7th graders from Alachua County schools are competing face to face to determine who knows their government the best.
The League of Women Voters are hosting their 6th annual civics challenge and these 7th graders can’t hold their excitement.”
50 students were selected from High Springs Middle, Westwood Middle, Kanapaha Middle, Oakview Middle, and Lincoln Middle School.
Despite the competition being virtual for the past two years, students didn’t hesitate to jump at the chance to compete.
“Our teachers asked us to participate because we all share a passion for civics or are quite skilled in the subject, said a 7th grader at Kanapaha Middle School Danni Gomez. “I am very nervous but I also love the adrenaline rush you know in competing.”
Students gathered in teams of five, there were a total of 10 teams. Each team got one minute to answer questions from topics including the branches of government and articles of the constitution.
While students raced against the clock, parents like Savannah Chase sat on the sidelines showing their support.
“I’m really filled with pride today,” said Chase. “My daughter is doing very well answering all the questions and I would say at this point because of the dedication of their civics sponsor, she probably knows more about our government then I do.”
Although the subject is about civics, K-12 curriculum specialist John Rehm said they want students to learn the importance of good sportsmanship
“I want them to learn to be good sports to have fun while they’re competing with each other,” said Rehm. “I’m hoping that these kids that we have, they’re going to be the future mayor, city managers, and tax collectors and all kinds of other things that help our city and our governments run.”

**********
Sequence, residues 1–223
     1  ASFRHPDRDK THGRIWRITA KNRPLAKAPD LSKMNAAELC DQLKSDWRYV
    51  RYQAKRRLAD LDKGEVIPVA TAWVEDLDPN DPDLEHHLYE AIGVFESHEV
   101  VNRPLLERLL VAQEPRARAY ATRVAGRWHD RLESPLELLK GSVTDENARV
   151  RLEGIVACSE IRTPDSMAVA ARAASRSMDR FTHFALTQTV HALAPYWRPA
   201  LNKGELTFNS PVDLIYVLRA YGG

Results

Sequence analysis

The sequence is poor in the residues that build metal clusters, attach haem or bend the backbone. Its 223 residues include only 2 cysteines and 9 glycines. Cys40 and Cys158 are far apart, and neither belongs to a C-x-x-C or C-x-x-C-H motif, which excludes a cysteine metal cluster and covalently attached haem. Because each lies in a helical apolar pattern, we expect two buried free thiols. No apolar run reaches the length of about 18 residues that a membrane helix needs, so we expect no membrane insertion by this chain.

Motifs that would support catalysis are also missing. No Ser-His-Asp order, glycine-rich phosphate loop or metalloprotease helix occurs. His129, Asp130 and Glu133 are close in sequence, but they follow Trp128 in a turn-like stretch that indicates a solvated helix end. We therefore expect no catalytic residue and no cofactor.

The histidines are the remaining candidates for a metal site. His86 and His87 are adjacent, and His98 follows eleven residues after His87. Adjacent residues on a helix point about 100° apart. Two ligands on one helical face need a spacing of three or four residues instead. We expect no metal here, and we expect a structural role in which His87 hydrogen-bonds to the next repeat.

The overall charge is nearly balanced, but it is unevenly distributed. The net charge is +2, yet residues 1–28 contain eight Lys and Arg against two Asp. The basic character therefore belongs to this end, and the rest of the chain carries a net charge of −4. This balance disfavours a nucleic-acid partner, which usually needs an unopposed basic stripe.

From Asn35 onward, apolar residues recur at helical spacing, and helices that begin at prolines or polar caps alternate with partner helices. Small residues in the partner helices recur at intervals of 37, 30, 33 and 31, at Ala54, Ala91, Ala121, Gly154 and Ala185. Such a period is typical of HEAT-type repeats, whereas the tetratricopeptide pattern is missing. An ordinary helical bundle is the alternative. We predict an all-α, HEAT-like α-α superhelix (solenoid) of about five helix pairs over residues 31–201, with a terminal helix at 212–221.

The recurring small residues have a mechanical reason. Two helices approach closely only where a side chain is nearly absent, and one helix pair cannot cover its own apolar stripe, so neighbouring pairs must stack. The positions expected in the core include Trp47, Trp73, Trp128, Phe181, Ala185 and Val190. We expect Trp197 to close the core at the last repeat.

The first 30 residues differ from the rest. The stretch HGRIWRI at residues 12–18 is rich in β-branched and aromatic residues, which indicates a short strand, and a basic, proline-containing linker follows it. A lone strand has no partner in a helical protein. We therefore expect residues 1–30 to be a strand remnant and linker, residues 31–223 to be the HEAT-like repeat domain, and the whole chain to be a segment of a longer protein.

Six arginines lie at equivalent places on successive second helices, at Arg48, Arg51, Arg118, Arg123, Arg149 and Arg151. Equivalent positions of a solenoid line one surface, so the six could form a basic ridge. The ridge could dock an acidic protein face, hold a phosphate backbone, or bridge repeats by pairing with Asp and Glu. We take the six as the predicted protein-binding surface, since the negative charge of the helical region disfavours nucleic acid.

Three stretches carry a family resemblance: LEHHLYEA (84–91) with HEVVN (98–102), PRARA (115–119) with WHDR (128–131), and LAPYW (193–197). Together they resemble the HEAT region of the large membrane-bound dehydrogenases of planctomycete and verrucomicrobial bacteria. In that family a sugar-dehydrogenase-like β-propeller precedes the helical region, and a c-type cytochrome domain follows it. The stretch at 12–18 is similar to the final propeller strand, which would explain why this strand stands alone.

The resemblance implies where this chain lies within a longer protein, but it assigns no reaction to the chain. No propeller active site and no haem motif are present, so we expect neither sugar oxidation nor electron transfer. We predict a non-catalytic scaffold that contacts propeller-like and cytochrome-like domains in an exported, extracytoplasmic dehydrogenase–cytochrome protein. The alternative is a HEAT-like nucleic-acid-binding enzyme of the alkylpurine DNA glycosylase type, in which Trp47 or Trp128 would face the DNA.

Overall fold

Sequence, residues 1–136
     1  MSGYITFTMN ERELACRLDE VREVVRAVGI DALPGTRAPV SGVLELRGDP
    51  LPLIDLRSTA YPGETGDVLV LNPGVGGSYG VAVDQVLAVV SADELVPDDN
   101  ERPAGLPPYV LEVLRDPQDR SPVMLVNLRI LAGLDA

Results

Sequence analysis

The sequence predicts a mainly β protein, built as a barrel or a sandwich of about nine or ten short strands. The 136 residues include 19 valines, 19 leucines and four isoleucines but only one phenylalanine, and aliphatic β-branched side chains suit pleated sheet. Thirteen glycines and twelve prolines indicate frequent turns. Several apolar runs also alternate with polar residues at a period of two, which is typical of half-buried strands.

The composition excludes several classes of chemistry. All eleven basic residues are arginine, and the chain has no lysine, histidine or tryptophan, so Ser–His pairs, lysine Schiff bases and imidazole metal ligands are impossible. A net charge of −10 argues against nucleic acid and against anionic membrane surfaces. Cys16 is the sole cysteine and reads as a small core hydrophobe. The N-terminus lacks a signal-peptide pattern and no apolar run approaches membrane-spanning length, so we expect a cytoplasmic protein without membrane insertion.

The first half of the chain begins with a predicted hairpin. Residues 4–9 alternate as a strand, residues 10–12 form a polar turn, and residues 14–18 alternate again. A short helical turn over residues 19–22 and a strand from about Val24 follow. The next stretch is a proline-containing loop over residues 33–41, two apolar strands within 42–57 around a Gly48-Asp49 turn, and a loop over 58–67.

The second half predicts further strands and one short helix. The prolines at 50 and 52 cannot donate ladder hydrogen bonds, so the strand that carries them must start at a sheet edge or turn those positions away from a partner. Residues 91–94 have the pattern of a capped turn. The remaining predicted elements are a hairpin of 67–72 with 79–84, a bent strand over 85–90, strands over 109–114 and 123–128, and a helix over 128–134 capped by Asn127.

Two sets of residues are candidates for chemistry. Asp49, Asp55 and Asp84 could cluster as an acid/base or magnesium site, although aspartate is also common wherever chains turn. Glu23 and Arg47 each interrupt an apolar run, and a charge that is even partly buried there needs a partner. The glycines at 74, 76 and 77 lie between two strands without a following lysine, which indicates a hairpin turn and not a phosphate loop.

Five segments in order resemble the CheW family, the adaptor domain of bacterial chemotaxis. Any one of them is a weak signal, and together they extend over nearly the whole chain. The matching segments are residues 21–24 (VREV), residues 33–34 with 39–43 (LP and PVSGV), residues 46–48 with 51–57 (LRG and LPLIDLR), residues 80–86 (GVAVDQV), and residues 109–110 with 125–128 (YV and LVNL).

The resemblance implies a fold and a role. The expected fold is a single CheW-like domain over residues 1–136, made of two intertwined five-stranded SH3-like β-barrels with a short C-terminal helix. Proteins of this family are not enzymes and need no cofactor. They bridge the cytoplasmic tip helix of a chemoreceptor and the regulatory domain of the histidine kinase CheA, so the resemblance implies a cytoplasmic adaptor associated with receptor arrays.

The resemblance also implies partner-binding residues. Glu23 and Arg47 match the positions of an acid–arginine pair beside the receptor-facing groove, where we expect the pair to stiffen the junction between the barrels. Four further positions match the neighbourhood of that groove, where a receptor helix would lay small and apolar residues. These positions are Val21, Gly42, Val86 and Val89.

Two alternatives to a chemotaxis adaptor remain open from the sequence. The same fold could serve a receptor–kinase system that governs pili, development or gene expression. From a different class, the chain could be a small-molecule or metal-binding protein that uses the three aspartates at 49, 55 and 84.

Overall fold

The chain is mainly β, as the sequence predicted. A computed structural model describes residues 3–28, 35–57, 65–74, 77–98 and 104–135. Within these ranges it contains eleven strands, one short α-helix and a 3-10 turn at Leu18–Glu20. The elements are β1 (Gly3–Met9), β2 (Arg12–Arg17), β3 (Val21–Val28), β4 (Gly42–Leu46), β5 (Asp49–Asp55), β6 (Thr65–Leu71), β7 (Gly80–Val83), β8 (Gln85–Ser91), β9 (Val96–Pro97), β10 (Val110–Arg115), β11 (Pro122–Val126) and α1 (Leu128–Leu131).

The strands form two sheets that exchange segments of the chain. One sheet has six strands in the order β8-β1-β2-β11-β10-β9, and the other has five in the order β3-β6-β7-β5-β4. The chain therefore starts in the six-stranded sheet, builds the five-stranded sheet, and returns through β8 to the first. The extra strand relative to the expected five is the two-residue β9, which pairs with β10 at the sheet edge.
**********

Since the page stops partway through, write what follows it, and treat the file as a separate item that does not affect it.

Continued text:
After all ten rounds are completed, Westwood Middle School students took first place while Kanapaha Middle came in second. The winner took home an engraved trophy with the name of their school engraved on a perpetual plaque.
More than two thousand Alachua County 7th graders will get a chance to show who knows their government best during a virtual civics challenge on April 25th.
This story originally aired on WCJB. Watch the segment below:
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PROVIDENCE — Last week, litigation filed by Rhode Island students seeking to establish a constitutional right to a civics education ended with an agreement that both sides agree will strengthen civics education in the state. The League of Women Voters of the United States and the League of Women Voters of Rhode Island filed an amicus brief in the case — Cook v. McKee — highlighting the powerful connection between civics education and voter participation.
Civics and democracy are integrally linked. An informed and civically knowledgeable population can work together to achieve a more fair society and confidently lead the future of our democracy. Offering civics education at all levels is essential to fulfilling our obligation to secure our democracy.